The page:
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Supernova, Successor to Viddy, Sold to Fullscreen

Venice video app maker Supernova, which began its life as Viddy, was acquired today by YouTube network Fullscreen.

Terms of the deal were not announced.

Fullscreen, the Culver City network with backing from Chernin Group and Comcast, will be taking on all 12 of Supernova’s employees. In an interview with the Business Journal, Fullscreen Chief Executive George Strompolos outlined a number of reasons behind the move, not least of which was bringing on a team of developers with experience in the mobile space.

“This is an insanely good team, really the strongest mobile development team I’ve ever encountered,” Strompolos said.

But beyond just a straight acqui-hire, he’s also interested in the infrastructure Supernova built with the Viddy app. Although Strompolos said Fullscreen would continue to support Viddy along with Supernova’s other products, he hinted that the app could also provide the foundation for future Fullscreen products.

As streaming video shifts more to mobile devices, many of the YouTube networks have been eyeing an opportunity to free themselves from their dependence on the platform. Traditionally, these companies have made money by aggregating YouTube channels and selling advertising against the content.

Strompolos envisions a slate of new Fullscreen mobile apps that can both distribute video and let others create and share. With the Supernova acquisition, Fullscreen is also offering glimpses on how it’s going to rebrand itself.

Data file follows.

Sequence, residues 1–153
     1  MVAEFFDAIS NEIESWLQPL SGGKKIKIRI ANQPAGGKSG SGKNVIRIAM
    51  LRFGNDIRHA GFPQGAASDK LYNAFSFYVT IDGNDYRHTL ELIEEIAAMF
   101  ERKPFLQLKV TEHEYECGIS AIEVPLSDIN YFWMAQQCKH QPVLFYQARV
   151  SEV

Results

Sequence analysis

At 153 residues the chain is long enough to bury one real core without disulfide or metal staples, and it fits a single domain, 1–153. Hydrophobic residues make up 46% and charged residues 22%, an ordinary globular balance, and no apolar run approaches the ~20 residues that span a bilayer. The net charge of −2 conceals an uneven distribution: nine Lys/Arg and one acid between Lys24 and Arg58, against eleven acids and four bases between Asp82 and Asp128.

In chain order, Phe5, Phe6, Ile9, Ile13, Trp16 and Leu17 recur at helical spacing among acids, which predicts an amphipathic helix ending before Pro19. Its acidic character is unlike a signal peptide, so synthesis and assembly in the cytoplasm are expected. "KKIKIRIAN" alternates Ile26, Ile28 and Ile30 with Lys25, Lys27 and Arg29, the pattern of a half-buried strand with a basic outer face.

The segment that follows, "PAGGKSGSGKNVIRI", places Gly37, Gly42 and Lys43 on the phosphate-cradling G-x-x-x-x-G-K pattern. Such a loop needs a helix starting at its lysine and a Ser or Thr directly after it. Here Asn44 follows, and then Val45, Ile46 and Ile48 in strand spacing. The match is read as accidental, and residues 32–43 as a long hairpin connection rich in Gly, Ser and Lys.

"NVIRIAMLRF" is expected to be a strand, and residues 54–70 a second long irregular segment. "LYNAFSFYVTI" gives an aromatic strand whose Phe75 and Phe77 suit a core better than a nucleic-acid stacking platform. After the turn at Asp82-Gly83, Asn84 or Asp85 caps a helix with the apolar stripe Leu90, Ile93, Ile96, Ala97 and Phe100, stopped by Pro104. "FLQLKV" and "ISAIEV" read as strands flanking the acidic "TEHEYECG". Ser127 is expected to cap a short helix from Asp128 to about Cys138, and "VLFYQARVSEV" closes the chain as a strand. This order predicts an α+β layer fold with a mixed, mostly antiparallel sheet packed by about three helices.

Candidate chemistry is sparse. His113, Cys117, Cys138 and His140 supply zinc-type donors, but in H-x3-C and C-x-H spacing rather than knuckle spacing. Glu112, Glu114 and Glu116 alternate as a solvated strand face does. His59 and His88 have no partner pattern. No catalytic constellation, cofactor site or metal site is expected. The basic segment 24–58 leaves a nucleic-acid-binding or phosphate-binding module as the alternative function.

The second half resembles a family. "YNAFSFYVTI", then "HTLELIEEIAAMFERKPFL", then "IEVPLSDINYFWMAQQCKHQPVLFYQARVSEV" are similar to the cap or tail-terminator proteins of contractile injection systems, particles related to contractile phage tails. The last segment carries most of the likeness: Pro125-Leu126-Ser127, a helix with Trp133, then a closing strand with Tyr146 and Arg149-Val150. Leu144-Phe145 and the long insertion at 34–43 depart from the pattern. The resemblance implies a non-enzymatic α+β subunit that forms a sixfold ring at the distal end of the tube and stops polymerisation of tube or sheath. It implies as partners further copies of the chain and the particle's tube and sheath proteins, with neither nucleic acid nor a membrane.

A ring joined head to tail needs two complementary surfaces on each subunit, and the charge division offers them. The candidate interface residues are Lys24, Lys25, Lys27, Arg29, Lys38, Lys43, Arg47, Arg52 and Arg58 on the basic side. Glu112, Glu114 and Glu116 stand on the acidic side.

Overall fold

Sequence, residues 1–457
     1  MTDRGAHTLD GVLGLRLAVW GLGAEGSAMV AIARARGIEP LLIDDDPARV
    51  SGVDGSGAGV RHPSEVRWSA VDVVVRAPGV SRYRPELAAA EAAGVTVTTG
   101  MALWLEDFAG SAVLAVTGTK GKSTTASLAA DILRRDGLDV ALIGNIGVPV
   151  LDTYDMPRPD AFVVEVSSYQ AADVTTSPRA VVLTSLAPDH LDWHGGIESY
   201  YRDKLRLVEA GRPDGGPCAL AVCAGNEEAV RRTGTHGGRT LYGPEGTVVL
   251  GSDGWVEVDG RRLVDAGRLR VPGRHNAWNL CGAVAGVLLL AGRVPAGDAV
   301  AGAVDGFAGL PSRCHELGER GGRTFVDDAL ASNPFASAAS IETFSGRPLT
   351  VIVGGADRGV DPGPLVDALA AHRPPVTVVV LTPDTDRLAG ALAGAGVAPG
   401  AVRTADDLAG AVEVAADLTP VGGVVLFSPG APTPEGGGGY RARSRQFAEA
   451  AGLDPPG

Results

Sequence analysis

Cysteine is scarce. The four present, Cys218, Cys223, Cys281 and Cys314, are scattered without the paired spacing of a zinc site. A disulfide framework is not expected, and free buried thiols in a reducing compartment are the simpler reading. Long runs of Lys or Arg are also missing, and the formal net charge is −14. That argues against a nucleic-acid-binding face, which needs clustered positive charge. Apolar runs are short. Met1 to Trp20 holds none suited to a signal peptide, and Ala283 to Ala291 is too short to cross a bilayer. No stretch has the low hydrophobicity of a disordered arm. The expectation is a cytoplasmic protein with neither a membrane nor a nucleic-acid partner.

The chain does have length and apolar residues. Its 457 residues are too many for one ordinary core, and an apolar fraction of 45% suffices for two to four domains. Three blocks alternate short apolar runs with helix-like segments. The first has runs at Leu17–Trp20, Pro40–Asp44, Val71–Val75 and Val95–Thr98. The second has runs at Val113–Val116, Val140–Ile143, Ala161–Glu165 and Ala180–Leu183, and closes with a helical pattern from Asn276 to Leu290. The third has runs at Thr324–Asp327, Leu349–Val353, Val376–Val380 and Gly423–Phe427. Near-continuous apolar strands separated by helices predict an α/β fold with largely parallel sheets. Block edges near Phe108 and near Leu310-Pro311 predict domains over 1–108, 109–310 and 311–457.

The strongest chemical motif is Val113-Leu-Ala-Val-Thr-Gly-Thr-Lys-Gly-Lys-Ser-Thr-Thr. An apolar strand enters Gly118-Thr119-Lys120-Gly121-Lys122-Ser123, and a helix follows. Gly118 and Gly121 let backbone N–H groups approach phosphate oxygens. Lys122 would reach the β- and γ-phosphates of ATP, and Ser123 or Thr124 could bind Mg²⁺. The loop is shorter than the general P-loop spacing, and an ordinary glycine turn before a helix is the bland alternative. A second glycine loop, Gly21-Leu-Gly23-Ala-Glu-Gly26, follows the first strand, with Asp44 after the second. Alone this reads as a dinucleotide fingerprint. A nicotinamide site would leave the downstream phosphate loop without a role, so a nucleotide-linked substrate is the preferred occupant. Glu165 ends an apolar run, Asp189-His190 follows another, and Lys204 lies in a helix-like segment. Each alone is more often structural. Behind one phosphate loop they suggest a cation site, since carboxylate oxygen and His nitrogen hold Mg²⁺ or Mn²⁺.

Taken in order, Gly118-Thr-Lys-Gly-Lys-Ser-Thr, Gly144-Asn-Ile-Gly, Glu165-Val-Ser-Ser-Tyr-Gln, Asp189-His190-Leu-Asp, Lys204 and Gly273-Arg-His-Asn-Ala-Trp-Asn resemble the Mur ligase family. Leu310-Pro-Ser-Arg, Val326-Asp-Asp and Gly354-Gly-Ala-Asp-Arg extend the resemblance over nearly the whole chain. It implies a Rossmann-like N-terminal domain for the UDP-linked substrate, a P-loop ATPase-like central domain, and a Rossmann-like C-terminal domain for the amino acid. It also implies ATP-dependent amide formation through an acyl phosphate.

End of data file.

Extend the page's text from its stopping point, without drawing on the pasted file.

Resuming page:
“This was about our transition from a service based company into a full-fledged media company,” Strompolos said. “We intend to produce more and more content and be a distributor of that content.”

For Supernova, the acquisition is a somewhat deflating exit for a company that once topped the app download charts and was a founding entry in the short-form social video space. At Viddy’s height in 2012, the app, which let users shoot and post videos of 30-seconds or less, had more than 27 million members. That May it raised a $30 million series B round valuing the company at an eyebrow-raising $370 million.

The app was one of the biggest beneficiaries of Facebook’s open-graph era, when the social network let apps automatically post content onto users’ News Feeds. But Facebook later switched up its policies, sending Viddy and similar social video apps out of view and on a downward spiral from which they never recovered. It’s worth noting that SocialCam, one of Viddy’s early competitors in the space, was acquired soon after the News Feed rejiggering for $60 million.

At the end of 2012, Viddy’s chief executive left the company and the company returned most of its venture capital funding.

The company tried a turnaround last year under new Chief Executive J.J. Aguhob. It rebranded as Supernova and announced a pair of new products: Epic, a slow-motion video app, and Clique, a Snapchat-like messaging and doodling app.

“Our mission continues to be helping people create and share amazing content using elegant technology,” Aguhob said in a release. “Together with Fullscreen, we will create mobile video products that millions of users enjoy.”

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